...and a script.
Here's a picture of my old Acer laptop with a hand-crafted mind map on it. This was at a hotel last week where I had to produce a 5-minute highlight of an event on the spot.
How did I edit the video in 3 hours, yet captivated the audience?
The secret is in the script.
The event was a boring conference, all talks and plenty of eating.
It is up to a creative videographer (like me), to cook up a storyline.
Here are more secrets.
Study the program. Find pockets of time between official talks and capture candid interactions.
Draw a mind map of the script (storyline).
I like to begin a highlight video with 10 seconds of slow intro to present the location.
Just when the audience begin to think that the rest of the video is just as slow, the 11th second will burst out loud in a contrasting exciting mood.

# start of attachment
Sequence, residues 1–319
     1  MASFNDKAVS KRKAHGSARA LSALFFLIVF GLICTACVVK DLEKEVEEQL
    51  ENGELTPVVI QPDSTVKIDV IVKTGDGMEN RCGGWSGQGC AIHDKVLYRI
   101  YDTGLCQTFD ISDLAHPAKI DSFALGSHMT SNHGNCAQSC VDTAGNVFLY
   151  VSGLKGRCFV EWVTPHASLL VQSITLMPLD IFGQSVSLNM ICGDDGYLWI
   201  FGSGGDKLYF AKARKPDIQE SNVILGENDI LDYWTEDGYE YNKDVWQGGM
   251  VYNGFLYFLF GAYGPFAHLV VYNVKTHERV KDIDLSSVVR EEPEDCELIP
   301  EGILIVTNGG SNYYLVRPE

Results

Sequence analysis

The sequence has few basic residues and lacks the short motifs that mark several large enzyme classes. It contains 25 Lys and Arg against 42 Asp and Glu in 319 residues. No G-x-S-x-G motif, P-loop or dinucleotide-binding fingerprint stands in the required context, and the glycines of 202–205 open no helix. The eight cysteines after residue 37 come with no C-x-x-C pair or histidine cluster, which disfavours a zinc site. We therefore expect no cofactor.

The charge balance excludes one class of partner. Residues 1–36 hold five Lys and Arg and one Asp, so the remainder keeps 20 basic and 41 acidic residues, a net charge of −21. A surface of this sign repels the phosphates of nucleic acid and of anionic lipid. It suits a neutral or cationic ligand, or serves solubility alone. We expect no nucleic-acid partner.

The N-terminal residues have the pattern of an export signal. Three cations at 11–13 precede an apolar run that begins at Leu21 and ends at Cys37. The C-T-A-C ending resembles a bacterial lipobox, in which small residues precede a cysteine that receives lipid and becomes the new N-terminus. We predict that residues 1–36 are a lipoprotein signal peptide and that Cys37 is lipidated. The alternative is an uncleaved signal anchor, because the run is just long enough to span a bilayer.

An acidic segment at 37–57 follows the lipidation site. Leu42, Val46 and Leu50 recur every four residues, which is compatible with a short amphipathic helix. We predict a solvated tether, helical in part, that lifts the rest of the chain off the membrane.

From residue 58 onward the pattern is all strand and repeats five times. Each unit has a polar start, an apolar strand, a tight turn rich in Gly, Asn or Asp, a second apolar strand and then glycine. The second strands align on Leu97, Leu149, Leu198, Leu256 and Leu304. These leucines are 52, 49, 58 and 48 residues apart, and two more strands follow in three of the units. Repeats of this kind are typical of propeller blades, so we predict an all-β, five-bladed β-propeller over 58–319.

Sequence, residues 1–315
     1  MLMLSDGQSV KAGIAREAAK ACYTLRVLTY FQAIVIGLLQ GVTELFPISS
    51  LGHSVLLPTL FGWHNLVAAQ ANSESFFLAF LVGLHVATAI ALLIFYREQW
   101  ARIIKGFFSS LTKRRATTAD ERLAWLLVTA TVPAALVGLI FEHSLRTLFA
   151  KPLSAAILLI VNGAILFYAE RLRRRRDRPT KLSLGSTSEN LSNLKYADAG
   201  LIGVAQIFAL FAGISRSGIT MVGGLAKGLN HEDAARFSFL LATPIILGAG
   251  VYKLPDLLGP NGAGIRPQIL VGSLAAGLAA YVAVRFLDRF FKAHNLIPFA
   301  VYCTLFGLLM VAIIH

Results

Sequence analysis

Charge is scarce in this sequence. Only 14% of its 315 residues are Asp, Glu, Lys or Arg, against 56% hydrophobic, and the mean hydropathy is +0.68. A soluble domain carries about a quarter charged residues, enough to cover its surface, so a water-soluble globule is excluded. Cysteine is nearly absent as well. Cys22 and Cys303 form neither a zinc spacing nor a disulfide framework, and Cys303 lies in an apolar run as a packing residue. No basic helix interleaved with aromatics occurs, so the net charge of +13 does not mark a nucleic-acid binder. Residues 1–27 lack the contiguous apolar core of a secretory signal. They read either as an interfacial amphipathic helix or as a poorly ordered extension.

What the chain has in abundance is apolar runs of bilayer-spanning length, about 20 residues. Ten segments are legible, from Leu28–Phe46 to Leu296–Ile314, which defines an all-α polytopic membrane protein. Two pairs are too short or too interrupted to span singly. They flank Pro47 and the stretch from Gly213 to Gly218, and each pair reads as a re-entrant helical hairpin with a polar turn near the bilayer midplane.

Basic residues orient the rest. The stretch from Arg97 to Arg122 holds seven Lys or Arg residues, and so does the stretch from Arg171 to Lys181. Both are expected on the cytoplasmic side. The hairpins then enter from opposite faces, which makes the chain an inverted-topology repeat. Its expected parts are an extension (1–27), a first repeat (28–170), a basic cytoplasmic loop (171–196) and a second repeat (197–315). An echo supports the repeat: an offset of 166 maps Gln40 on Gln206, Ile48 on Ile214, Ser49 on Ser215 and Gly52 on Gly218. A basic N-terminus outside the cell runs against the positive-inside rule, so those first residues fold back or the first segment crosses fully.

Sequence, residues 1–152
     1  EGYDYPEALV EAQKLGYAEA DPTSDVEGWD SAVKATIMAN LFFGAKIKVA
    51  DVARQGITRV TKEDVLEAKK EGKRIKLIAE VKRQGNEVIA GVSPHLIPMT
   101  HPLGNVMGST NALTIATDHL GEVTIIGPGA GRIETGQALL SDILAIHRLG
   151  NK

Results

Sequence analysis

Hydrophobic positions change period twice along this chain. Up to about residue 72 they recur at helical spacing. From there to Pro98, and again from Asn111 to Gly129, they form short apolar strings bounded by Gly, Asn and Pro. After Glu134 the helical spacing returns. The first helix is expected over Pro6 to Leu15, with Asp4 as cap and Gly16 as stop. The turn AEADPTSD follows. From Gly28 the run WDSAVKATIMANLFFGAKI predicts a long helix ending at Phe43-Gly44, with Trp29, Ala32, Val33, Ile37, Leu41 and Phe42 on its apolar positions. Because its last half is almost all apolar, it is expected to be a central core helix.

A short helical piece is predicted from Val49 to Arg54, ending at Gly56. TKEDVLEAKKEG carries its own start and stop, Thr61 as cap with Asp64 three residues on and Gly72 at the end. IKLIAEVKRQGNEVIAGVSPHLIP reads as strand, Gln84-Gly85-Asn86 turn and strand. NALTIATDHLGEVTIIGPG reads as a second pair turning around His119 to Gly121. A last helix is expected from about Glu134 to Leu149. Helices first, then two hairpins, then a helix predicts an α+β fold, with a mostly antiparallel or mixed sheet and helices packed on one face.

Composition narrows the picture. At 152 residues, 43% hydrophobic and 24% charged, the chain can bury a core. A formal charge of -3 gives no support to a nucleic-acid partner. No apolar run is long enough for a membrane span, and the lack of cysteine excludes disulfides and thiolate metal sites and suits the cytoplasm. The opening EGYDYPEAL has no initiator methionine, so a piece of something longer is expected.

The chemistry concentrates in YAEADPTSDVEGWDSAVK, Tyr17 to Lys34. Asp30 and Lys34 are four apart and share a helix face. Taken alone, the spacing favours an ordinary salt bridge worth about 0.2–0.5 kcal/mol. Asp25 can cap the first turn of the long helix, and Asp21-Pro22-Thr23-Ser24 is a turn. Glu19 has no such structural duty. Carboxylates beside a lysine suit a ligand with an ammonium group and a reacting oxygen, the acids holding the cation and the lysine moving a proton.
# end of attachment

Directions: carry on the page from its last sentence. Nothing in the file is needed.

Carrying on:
In this fast paced section, show as much of the talking scenes with quick cuts. Credit each speaker with fly-in texts.
About 1 to 2 minutes later, when the audience are starting to get bored, getting reminded of the talks they've just listened to, slow down and change the mood to a lighter tone.
Choice of music is extremely important in setting the right mood.
In the lighter section, show candid moments. Make the audience laugh. Show them in their candid moments. They will enjoy it.
Put the funniest scene at the end of this light moments section. I want the audience to laugh the loudest at this point, get them to their high, and I will switch mood again back to serious scenes with the same fast paced music in the beginning.
In this fast paced concluding section, I will remind the audience of their purpose in this conference. I will also remind the audience of the new friends they have made in this event.
If there is a group photo, I will put it right at end and finish the whole video with a bang.
That's my winning secret formula to producing an express highlight video that the audience want to bring home.
Last but not least, I interact with some people in the audience to feel their experience. The video must be seen from the participants point of view, not mine.
Join my new Basic Videography Course this coming 8 and 9 September 2009. Sign up here...